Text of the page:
Dozens of Massachusetts State Police troopers have submitted paperwork to resign in response to the governor’s COVID-19 vaccine mandate, according to a union that represents around 1,800 officers.
“To date, dozens of troopers have already submitted their resignation paperwork, some of whom plan to return to other departments offering reasonable alternatives such as mask-wearing and regular testing,” Michael Cherven, president of the State Police Association of Massachusetts, said in a statement Monday.
“The State Police are already critically short-staffed and acknowledged this by the unprecedented moves which took troopers from specialty units that investigate homicides, terrorism, computer crimes, arsons, gangs, narcotics, and human trafficking, and returned them to uniformed patrol.”
Governor Charlie Baker’s mandate applies to all executive department employees, including state troopers and state officials. The order, which goes into effect on October 17, requires employees to show proof of vaccination. Those who don’t get the shot could be “subject to disciplinary action” and fired.
In the Monday statement, Cherven called the mandate “one of the most stringent vaccine mandates in the country with no reasonable alternatives.”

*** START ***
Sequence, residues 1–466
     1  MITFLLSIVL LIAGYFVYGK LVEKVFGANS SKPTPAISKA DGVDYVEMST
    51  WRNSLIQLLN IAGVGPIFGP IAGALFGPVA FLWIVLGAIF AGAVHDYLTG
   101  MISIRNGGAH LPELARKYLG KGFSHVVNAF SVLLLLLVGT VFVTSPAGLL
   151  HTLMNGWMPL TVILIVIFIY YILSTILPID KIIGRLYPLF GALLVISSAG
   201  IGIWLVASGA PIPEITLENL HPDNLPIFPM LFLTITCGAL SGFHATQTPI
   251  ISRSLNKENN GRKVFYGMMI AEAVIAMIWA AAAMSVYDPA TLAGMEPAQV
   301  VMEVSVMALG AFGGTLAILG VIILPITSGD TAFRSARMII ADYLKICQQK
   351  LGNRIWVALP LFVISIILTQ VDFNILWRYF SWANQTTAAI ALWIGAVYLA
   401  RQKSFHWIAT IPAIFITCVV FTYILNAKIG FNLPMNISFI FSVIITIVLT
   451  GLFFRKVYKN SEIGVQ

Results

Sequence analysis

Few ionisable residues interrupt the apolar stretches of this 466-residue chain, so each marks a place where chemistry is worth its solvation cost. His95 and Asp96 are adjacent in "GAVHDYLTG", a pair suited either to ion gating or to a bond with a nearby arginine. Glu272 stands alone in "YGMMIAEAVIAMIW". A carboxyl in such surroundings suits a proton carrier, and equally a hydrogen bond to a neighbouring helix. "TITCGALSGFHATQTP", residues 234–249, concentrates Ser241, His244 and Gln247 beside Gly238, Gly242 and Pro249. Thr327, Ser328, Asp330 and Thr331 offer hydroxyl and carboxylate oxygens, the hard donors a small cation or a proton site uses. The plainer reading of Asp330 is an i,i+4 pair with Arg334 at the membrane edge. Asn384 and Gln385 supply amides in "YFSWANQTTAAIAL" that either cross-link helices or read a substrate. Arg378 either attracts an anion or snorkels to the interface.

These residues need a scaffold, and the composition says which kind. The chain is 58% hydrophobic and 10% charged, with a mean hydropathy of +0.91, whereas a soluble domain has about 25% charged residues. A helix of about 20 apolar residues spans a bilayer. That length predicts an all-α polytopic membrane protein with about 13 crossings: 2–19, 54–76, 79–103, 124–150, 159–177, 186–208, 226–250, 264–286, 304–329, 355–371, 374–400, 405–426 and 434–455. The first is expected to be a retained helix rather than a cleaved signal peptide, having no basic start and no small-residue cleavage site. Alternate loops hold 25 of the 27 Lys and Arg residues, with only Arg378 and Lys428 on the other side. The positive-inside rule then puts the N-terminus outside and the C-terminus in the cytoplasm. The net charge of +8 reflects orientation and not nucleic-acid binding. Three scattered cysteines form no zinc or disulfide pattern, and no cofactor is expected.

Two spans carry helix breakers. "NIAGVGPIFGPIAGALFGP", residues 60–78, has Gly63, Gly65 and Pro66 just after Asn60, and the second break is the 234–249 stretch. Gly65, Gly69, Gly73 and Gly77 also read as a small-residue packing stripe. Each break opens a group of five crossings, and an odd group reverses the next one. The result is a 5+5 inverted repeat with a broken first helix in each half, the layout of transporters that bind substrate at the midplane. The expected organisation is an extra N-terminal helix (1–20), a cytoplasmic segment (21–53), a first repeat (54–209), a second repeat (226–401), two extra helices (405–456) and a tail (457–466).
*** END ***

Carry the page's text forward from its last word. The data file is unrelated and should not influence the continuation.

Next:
“Throughout COVID, we have been on the front lines protecting the citizens of Massachusetts and beyond. Simply put, all we are asking for are the same basic accommodations that countless other departments have provided to their first responders, and to treat a COVID-related illness as a line of duty injury,” Cherven added.
Last week, a judge denied the union’s request to pause the mandate. The union had argued the state needed to bargain with workers before implementing the mandate, according to CBS Boston. An attorney with the union said 20% of state police employees were unvaccinated.
Meanwhile, Baker has stressed the importance of his mandate, saying it will help his state lead the nation in vaccinations. More than 74% of Massachusetts residents are fully vaccinated, according to the Centers for Disease Control and Prevention.
“I think it’s critically important for public officials who deal directly with the public on a regular basis, who have no idea whether the people they’re dealing with are vaccinated or not. And those people who are dealing with them ought to believe that they are vaccinated,” Baker told reporters Monday.
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